Metro hits the water for sixth emergency response drill

WASHINGTON — Metro had another full-on emergency training drill Sunday, but this time, it happened over the water.

Yellow Line train service had been stopped Sunday between L’Enfant and Pentagon stations because of the training exercise, but was expected to resume in the afternoon.  This simulated emergency training was one of Metro’s required quarterly full-scale training drills.

The scenario for the drill this Sunday morning involved a Yellow Line train with about 65 people on-board derailing on a bridge that crosses the Potomac River.

In the drill, the train was heading from D.C. to Virginia and when it derailed, it was partially in Virginia and partially in D.C. Firefighters from D.C. had to walk the long bridge to rescue passengers because one of the derailed trains caught on fire and was blocking access to Virginia.

“This is one of our bigger ones [drills] because it involves the water aspect and then the District and also Virginia,” Metro General Manager Paul Wiedefeld said.

Wiedefeld said these are the types of training exercises that Metro wants; the more complicated the better.  He also added that this scenario presents a whole other series of issues, logistically speaking.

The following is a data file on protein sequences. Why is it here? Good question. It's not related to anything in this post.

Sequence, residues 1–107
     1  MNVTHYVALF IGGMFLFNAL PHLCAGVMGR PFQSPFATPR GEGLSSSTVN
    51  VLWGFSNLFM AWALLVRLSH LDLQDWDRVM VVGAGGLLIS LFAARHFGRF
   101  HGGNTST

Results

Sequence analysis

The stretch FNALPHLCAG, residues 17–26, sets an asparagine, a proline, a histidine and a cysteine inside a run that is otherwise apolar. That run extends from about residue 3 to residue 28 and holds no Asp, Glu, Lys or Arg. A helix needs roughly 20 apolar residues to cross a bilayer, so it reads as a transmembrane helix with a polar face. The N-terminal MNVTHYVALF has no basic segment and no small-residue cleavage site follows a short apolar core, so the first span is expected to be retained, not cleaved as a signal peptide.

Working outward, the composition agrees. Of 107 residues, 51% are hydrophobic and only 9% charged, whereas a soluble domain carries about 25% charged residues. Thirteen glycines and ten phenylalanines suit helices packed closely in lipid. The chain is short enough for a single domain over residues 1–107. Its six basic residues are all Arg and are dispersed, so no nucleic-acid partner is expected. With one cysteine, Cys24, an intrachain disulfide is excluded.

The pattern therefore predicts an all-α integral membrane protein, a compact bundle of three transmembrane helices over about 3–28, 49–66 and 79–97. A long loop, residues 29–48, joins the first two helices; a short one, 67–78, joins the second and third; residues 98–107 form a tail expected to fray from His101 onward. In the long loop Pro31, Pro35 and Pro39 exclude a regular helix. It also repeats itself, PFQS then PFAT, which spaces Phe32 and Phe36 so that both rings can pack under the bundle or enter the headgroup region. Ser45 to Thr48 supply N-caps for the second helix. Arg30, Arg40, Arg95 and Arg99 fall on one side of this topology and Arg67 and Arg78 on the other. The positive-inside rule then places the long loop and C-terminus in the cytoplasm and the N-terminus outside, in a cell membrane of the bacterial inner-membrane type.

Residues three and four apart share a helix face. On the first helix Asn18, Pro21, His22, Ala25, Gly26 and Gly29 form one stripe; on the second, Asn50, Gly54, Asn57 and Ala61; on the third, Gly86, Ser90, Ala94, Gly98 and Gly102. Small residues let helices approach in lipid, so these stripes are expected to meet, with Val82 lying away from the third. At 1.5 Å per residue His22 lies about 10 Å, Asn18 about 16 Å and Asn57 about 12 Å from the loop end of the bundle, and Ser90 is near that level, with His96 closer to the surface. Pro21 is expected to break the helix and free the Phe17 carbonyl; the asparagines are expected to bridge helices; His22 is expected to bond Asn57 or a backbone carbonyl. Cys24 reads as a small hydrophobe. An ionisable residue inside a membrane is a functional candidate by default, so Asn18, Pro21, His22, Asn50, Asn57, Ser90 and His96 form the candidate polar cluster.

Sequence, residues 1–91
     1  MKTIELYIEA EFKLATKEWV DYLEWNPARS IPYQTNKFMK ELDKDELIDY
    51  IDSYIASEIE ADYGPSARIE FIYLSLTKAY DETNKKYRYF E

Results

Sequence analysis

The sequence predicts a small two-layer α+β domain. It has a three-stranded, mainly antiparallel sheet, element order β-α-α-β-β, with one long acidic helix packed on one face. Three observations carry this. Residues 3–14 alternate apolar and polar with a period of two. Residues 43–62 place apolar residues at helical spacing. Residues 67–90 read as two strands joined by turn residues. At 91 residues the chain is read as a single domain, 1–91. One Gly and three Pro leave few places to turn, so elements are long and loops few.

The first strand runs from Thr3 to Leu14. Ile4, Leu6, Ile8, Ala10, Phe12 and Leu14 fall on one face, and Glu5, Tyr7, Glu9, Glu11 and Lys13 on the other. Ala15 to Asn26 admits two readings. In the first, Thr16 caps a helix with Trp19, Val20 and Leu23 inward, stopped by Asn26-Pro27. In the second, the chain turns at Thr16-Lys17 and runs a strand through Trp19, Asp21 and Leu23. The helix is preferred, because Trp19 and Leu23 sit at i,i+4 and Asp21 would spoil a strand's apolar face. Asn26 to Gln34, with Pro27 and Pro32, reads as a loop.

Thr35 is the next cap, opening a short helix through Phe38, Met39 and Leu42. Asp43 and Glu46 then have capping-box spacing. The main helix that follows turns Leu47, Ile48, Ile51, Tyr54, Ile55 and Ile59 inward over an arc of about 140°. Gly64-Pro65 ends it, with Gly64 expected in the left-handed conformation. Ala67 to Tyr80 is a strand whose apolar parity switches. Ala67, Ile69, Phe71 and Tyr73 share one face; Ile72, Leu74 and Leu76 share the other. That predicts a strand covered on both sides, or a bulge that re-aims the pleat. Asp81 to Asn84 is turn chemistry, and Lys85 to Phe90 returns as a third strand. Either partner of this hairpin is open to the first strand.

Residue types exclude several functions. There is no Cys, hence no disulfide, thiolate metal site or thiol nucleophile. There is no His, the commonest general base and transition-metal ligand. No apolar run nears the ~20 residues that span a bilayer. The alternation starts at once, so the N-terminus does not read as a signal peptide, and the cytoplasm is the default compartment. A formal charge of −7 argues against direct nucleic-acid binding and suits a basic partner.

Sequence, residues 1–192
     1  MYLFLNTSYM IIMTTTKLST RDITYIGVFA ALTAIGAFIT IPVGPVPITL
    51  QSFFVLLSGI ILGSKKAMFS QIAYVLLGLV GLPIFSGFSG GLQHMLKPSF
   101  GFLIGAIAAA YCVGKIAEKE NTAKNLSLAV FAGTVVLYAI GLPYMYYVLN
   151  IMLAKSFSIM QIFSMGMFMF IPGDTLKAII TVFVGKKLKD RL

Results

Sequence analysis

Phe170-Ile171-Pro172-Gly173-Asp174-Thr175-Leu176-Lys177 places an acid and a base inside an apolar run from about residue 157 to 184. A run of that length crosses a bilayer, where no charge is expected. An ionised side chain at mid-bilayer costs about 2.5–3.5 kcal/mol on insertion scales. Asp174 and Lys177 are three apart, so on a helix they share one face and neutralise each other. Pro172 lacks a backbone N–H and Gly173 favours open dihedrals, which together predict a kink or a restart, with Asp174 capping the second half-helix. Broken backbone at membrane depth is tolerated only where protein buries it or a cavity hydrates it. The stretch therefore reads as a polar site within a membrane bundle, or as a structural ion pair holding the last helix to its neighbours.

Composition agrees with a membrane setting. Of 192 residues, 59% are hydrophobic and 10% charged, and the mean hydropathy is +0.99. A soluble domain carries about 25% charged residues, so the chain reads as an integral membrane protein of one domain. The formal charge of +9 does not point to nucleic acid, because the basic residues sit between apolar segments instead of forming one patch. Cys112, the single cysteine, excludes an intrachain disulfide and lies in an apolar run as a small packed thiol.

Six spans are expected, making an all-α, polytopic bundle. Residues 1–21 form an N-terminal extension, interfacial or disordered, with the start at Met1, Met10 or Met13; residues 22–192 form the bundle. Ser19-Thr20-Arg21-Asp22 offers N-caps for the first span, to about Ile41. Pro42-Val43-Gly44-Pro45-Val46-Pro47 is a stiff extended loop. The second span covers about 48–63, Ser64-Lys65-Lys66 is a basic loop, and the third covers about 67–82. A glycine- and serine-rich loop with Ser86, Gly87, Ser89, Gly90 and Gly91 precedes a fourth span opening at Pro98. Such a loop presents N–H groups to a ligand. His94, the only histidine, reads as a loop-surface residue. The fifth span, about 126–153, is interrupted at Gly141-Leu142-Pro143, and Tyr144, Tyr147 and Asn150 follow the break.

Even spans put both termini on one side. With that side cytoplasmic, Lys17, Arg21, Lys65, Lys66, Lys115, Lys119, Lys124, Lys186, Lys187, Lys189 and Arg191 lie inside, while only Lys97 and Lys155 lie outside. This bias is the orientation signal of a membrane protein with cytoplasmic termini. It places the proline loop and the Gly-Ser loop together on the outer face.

In addition to the emergency response by land, there was an emergency response by water, too.

Up until now, the quarterly training drills have dealt with only one jurisdiction. But this scenario involved both D.C. and Virginia.

”This is one we’re really impacting the region and we want to see how the region responds,” Metro Transit Police Chief Ron Pavlik said.

Communications is a major focus during these drills. During the prior drill in July, there were issues with first responders communicating with passengers.

One communication issue first responders had to deal with in Sunday’s drill was the very loud noise of commercial jets flying overhead, since the exercise was taking place in the flight path of National Airport.

“As the planes go over it’s very hard to communicate,” Wiedefeld said, which is one of the reasons why Metro does these drills in real-life conditions and not just as table top exercises.

Sunday’s training included Metro Transit Police, Arlington Fire Department, D.C. Fire and EMS, Alexandria Fire Department, Prince George’s County Fire Department, U.S. Park Police, U.S. Park Service and the National Transportation Safety Board.  More than 100 emergency responders and volunteers were expected.

Watch the full-scale bridge exercise:

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